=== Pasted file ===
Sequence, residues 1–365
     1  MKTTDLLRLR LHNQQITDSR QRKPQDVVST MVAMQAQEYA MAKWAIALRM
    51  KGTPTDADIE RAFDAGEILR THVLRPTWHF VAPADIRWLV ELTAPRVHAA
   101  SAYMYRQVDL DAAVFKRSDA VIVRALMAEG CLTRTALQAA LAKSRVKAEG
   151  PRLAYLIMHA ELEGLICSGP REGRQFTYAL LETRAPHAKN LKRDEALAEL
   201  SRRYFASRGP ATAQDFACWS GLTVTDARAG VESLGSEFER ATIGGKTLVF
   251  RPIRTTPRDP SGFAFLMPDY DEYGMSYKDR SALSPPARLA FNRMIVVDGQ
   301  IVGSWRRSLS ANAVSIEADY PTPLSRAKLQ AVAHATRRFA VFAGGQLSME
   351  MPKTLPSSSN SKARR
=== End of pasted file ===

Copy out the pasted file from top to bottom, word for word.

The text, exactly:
Sequence, residues 1–365
     1  MKTTDLLRLR LHNQQITDSR QRKPQDVVST MVAMQAQEYA MAKWAIALRM
    51  KGTPTDADIE RAFDAGEILR THVLRPTWHF VAPADIRWLV ELTAPRVHAA
   101  SAYMYRQVDL DAAVFKRSDA VIVRALMAEG CLTRTALQAA LAKSRVKAEG
   151  PRLAYLIMHA ELEGLICSGP REGRQFTYAL LETRAPHAKN LKRDEALAEL
   201  SRRYFASRGP ATAQDFACWS GLTVTDARAG VESLGSEFER ATIGGKTLVF
   251  RPIRTTPRDP SGFAFLMPDY DEYGMSYKDR SALSPPARLA FNRMIVVDGQ
   301  IVGSWRRSLS ANAVSIEADY PTPLSRAKLQ AVAHATRRFA VFAGGQLSME
   351  MPKTLPSSSN SKARR